At the Birmingham NUT Executive meeting of 12 June the SWP and RS21 proposed a motion under the broad ambit of “Hands Off Our Schools” — that the focus of any campaigning should be Islamophobia and that no credence should be given to any of the claims made about educational practices in the schools.
In the light of the Clarke and Kershaw reports such a position is politically unsustainable for socialists. These schools were being directed by right wing “leaders” of the Muslim community, whose views on education are not shared by the majority of Muslims. I was brought up a Catholic and attended schools heavily influenced by priests and nuns. This is like the left taking its view of what Catholics think from what the local Parish priest says.
A key contributing factor in these developments is the structure and governance of schooling and this goes beyond the crude privatisation inherent in Free Schools and Academies.
There has been a general decline in the democratic control of schooling. This has allowed powerful “community leaders” or financial interests to promote narrow views of education. The answer to this is to return all schools to democratic local authority control with elected governing bodies in every school, including a bigger role for elected staff and parent governors.
We are having problems in other areas of accountability too. For example there have been a series of frauds in school, most recently at Haberdasher Aske’s in south London. This is also a product of the erosion of democratic controls.
The ability of the unions to negotiate across all schools is disappearing rapidly, replaced by piecemeal negotiation, school-by-school or academy trust by academy trust.
In Birmingham some schools are Academies, some not. Birmingham City Council appears to have abrogated its responsibility for fear of being called Islamophobic. There is evidence that Birmingham Council tried to gag teachers who were trying to speak out about what was happening in these schools. Compromise agreements were made with the teachers, involving financial settlements in return for keeping quiet. This again is not acceptable.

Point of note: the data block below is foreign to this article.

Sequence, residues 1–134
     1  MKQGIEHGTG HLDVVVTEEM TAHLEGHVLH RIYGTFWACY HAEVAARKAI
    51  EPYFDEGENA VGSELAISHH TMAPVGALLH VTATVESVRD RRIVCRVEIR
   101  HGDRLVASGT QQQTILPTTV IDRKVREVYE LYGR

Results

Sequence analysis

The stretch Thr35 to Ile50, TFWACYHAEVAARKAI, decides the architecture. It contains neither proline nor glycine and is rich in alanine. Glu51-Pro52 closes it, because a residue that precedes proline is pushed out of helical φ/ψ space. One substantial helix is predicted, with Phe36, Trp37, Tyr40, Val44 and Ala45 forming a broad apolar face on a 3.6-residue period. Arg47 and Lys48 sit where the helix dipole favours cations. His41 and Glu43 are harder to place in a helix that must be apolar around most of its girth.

Last year a not dissimilar situation occurred in Leicester at Uplands Junior School. I think the local NUT in Leicester took a different approach than in Birmingham, calling for the resignation of the head teacher and organising three days of strike action. People like Shahid Akmal and Razwan Faraz should have been forced out by the NUT, not through investigations by Clarke and Kershaw or Ofsted reports.
Perhaps there should have been an independent trade union enquiry into what went on in Birmingham but for sure there are serious lessons to be learned here. It is not enough to put a cross wherever the Government puts a tick. We have to actually dirty our hands and find out honestly what is going on and come up with independent labour movement responses based on justice and the ending of wrong-doing. This did not happen in the Birmingham schools.
Instead the NUT continues to put hands over eyes and fingers in ears, exemplified by the latest NUT press release which focuses on the “Islamist plot” story rather than the real story of the warping of children’s education.